It was well past midnight. Nargis and her children lay peacefully in the arms of the quiet night. These were hard times. The country was hit with a drought this year. Daily, they watched the horror of men coming from the villages to sell their young daughters for a bag of rice, wheat or potatoes, literally for the price of a family's few days life.

Today, in the market, she had seen the horror with her own eyes. An old man had offered her his ten year old daughter. As the man, in his need, had started advertising her daughter, she had simply given him the money she had taken for the week's groceries, and the Eid's sweets, and returned home empty handed.

When the kids had nagged about not having the sweets for Eid, she had smiled at them and had thought that perhaps one less child will be away from her family this Eid. There was enough in the house that the kids could live with. Her husband, on a journey, had sent her the money and had reminded her to stock some food, as the situation may get worse.

Had she done the right thing? She was a bit worried. Her mother's parting words to her had been that even in charity, she was to consult with her husband, for that was most pleasing to God.

The restless child on her right groaned. She woke up, and covered him, silently. She closed her eyes. Then she sensed a very, very bright light shining in the room. Fear spread in her veins. There were thefts in the neighbourhood, lately.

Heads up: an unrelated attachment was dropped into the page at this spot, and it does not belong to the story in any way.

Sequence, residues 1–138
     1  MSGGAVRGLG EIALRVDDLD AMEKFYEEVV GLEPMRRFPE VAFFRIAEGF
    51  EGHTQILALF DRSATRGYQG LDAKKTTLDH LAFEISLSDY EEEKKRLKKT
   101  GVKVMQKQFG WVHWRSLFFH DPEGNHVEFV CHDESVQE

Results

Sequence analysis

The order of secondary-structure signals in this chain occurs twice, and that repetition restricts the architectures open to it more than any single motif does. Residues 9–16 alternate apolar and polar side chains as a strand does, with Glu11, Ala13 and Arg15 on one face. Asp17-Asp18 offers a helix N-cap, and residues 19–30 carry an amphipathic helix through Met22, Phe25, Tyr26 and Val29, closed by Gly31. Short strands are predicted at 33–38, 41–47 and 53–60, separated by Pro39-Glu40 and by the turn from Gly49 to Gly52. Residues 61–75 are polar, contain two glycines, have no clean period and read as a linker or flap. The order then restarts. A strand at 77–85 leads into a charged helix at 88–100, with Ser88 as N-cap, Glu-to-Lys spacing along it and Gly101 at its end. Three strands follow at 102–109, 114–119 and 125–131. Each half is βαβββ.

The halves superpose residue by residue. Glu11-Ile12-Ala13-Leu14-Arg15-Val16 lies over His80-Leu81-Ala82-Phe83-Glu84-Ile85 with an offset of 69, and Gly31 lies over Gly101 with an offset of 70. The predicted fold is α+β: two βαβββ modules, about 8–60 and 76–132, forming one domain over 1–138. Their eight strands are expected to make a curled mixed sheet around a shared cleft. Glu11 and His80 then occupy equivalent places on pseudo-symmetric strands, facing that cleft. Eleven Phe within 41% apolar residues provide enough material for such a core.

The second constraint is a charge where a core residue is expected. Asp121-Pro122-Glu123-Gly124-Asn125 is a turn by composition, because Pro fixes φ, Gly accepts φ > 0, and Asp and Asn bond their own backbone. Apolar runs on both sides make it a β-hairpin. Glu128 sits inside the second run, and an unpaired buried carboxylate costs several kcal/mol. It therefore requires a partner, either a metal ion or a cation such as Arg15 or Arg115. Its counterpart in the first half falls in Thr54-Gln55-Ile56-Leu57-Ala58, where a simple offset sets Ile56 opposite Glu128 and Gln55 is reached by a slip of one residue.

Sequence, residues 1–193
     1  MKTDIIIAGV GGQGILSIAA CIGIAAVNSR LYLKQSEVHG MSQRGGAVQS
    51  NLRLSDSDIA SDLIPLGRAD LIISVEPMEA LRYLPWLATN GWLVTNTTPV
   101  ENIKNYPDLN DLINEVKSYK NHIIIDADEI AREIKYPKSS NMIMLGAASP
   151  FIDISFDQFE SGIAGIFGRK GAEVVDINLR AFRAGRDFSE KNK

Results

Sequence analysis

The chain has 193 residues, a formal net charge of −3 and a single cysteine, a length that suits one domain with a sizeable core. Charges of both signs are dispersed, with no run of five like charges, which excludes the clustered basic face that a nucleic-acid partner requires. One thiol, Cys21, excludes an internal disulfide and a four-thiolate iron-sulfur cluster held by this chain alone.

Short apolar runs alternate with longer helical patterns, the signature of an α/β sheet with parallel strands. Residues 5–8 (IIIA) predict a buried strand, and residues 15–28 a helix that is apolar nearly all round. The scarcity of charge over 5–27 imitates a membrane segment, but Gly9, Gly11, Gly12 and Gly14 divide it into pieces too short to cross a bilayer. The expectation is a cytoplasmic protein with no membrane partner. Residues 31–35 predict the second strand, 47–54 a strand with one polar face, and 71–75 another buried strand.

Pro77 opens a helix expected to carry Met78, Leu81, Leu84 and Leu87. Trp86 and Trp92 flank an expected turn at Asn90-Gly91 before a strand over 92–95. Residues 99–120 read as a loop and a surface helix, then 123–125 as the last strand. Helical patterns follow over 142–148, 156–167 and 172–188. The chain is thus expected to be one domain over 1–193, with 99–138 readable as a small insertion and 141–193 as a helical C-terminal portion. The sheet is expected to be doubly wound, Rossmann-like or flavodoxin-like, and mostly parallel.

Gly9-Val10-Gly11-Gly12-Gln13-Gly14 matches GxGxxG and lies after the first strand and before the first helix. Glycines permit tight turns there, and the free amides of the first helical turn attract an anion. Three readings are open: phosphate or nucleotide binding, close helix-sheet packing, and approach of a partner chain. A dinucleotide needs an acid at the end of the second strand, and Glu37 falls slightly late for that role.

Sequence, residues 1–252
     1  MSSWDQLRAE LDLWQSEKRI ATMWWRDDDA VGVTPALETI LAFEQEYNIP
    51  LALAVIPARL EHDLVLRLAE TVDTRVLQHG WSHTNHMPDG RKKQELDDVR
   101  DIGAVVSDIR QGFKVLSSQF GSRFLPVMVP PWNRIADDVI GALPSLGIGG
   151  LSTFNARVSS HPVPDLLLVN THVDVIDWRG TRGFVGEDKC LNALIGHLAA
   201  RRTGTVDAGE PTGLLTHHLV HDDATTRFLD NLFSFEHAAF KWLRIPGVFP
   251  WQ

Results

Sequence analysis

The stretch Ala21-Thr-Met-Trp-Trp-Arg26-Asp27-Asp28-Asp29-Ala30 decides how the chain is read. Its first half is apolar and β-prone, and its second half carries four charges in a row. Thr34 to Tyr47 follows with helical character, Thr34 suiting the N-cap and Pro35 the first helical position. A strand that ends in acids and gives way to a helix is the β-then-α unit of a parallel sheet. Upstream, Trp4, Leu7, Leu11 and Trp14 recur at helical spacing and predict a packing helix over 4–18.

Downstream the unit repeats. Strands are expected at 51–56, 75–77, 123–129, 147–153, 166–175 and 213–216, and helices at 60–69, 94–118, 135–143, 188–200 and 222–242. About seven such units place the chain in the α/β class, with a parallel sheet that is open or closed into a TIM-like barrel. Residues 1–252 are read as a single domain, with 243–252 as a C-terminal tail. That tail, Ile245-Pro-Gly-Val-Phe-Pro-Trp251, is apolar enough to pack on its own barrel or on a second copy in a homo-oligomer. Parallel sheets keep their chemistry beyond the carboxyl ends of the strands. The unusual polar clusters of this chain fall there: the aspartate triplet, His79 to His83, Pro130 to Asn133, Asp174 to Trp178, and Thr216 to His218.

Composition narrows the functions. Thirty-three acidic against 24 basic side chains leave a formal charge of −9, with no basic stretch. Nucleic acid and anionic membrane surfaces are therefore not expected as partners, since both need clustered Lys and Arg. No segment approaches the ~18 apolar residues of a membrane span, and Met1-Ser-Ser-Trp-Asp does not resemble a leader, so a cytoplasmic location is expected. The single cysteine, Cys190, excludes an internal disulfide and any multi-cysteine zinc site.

What was she to do? Breathless, and hesitantly she opened her eyes, helplessly. A bright light was illuminating the entire room. She couldn't see the source. She whispered a prayer of safety for her children, and her mind started scheming defense. It didn't seem wise to move yet. So she laid quiet, eyes half opened, her lips whispering prayers and pleas.

The light remained. Moments passed and the light vanished. Hurriedly she ran to the kitchen, grabbed a knife and returned to the room. The night was still, and dark. Armed, she stayed by the door until the drumer in the street called time for Sahar. Nothing happened.

In the morning, she went to enquire about Amina, the old woman who lived at her house, in the west quarter. Tired, yet satisfied with her night Amina had spent the night in the yard, in prayer. As Nargis told her about the thief and the light, the wise woman asked Nargis what she had prayed for at that very moment. Her children's safety, Nargis replied. The old woman bitterly shed tears. Was she frightened, Nargis asked her.

With a sigh, the old, wise woman said: “No. We spent years in waiting and longing, standing in prayers night long. Yet, Allah chose to pay you a visitation, in your sleep. Why? For you are His soldier.

Your waking and sleeping is a prayer in itself; a young woman who guards her chastity, who is like a dove and a lioness in love and protection of her family, one who is always industrious, who isn't involved in the moans and groans of the spoiled bored women, whose adornment isn't gold and silver, but honesty, and sincerity, one who has conquered the tyrant tongue and ego and none but the unjust is hurt by it, one who has no colored old tales to tell, but certainly lives a fresh one, with a bright, simple hue.

Rest assured my daughter, your prayer will be granted, for surely last night was one of the nights of Power.”

Contributed by Mahwash Hirmendi,